"Widespread testing must continue in order to defeat the pandemic," Dr. Greta Massetti, from the CDC, told CNN. "It will take many months for all Americans to have the opportunity to receive one of the vaccines available."

"In the meantime, it's essential that people continue to take preventive measures."

More good news for vaccines

So far, more than 51.7 million Americans have received at least their first dose of a Covid-19 vaccine, according to CDC data.

More than 26.1 million have received both doses, according to the data. That means roughly 7.9% of the US population is fully vaccinated against the virus.

The good news: President Joe Biden announced Tuesday the US will have enough Covid-19 vaccine doses for every adult American by the end of May -- speeding up the timeline of the administration's previous goal by two months.
His remarks came as the President officially announced a partnership between pharmaceutical companies Merck and Johnson & Johnson to help expand production of the recently authorized Johnson & Johnson Covid-19 vaccine.

Governors across the country have said the extra doses will help quickly ramp up vaccinations and some have even announced expanded eligibility guidelines as a result of the added supply.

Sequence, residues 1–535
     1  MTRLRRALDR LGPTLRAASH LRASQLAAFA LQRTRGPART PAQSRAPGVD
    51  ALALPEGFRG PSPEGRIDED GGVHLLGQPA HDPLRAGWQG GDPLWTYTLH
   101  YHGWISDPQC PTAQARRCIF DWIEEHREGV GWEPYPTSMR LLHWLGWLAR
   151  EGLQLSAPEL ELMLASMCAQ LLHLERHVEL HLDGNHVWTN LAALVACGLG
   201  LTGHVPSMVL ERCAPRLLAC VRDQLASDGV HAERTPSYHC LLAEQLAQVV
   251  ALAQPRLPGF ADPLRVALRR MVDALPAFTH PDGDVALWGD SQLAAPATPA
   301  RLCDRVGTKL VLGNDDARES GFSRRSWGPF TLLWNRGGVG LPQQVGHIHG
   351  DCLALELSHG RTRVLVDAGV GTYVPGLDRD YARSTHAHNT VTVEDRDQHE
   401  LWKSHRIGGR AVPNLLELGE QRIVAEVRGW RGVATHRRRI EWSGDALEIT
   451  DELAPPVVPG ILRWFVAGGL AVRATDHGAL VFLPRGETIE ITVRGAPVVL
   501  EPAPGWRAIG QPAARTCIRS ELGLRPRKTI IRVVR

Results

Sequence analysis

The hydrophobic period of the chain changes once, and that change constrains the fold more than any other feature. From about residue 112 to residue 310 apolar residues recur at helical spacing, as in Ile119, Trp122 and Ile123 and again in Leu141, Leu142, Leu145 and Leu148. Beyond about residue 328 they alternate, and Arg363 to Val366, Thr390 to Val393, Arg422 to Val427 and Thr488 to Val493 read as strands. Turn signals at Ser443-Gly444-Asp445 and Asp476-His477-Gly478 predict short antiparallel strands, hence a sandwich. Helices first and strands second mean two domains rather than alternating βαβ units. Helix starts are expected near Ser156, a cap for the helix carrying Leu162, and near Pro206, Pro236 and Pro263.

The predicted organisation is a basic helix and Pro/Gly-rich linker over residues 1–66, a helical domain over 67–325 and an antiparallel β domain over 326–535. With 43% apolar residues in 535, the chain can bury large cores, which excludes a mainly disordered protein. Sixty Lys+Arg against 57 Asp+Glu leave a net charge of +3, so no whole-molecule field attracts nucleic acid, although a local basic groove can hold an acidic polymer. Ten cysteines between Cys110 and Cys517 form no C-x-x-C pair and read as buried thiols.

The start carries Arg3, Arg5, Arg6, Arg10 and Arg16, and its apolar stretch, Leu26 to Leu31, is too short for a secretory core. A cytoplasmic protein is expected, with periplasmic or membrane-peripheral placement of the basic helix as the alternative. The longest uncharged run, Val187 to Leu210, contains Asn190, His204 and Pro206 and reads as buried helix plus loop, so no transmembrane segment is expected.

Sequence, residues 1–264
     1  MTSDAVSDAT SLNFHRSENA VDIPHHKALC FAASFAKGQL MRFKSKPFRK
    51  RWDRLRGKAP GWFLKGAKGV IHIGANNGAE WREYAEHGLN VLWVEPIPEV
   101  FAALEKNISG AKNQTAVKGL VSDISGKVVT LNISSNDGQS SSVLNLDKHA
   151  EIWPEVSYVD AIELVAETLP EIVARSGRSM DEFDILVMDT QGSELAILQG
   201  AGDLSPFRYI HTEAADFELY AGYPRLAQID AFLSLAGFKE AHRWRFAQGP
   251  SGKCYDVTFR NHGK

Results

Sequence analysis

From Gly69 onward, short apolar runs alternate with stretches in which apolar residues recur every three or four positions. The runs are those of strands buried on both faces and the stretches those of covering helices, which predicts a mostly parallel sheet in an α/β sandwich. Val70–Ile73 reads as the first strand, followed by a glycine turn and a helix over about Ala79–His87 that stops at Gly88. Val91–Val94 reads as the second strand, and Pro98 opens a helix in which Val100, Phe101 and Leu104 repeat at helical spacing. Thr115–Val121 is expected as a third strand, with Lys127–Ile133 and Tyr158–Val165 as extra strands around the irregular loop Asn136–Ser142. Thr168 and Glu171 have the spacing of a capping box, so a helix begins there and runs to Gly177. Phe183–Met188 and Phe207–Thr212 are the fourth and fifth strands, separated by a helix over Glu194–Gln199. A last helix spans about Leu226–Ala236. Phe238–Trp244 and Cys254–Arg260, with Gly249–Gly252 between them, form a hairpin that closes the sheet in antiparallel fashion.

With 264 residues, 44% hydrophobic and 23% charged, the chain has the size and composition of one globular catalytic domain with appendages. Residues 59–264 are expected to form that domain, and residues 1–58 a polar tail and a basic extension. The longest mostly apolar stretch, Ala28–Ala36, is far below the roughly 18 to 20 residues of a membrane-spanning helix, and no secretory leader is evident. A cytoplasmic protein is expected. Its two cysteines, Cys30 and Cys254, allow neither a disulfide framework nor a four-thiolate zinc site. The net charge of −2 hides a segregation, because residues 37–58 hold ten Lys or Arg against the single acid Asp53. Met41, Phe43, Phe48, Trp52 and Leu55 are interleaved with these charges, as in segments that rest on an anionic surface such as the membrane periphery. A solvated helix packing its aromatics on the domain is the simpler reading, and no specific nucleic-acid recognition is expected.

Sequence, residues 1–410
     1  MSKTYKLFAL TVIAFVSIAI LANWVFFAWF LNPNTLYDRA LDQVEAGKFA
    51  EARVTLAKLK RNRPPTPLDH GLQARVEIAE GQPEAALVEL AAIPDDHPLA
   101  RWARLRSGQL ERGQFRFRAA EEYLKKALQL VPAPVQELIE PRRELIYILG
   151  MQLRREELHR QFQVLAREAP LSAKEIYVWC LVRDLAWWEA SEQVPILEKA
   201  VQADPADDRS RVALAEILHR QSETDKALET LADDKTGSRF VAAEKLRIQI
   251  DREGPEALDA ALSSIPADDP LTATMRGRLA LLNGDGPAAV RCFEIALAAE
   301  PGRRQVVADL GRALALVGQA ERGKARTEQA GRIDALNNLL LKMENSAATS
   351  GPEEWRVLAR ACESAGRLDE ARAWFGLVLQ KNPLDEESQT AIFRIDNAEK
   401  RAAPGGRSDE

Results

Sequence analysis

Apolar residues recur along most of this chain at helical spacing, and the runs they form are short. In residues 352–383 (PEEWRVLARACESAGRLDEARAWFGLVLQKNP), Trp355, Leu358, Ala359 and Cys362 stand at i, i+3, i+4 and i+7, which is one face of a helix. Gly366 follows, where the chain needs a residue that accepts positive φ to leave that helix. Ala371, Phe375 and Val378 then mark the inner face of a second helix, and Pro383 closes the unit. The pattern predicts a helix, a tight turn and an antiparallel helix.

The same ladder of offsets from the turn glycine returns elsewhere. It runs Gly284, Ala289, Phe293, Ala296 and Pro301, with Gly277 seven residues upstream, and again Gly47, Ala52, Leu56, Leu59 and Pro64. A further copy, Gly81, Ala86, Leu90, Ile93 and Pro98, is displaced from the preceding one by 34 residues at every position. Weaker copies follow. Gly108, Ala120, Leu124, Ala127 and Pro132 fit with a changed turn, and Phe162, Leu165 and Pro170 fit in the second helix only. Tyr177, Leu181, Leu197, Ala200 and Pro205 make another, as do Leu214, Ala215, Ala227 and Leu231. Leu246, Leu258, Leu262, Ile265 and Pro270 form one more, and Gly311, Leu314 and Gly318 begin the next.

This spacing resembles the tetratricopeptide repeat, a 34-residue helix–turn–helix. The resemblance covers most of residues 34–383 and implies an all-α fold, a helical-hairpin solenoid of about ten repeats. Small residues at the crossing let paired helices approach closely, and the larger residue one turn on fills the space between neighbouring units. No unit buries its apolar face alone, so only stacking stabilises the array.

North Carolina Gov. Roy Cooper announced that starting Wednesday, all frontline essential workers in Group 3 are eligible to make vaccine appointments, noting that the state also plans to make residents with comorbidities in Group 4 eligible later this month.

North Carolina has created the groups to set vaccine priorities, and is already vaccinating Groups 1 and 2 which include, healthcare workers, long-term care staff and residents and older adults.

"The third vaccine and improving vaccine supply will help us get more people vaccinated more quickly," the governor said. "But as we've said before -- we still don't have enough vaccines. You may have to wait for an appointment even if today's action means you are eligible to get vaccinated."

For Americans who have already received a first dose, Johnson & Johnson's vaccine should not replace second doses of the Moderna or Pfizer vaccines except in "exceptional situations," the CDC warned.

"The Covid-19 vaccines are not interchangeable, and the safety and efficacy of a mixed-product series has not been evaluated," Dr. Sarah Mbaeyi, CDC medical officer, said Tuesday. "We don't want people to just start mixing and matching with whatever is easiest to get."

Vaccine guidance coming soon

For Americans who are already fully vaccinated, recommendations on what they should do are on their way.

The CDC will release guidance for fully vaccinated people when it is finalized later this week, a CDC official told CNN.

The official confirmed the broad themes contained in the guidance that were first reported by Politico.

The guidance is reported to include a recommendation that fully vaccinated people limit their social interactions to small home gatherings with other fully vaccinated people.

It reportedly will also recommend that fully vaccinated people continue to wear masks in public and practice social distancing. It's a recommendation that's also been made by other health officials, including Dr. Anthony Fauci.

Additionally, the guidance will reportedly include scenarios for Americans to consider when making plans, including travel.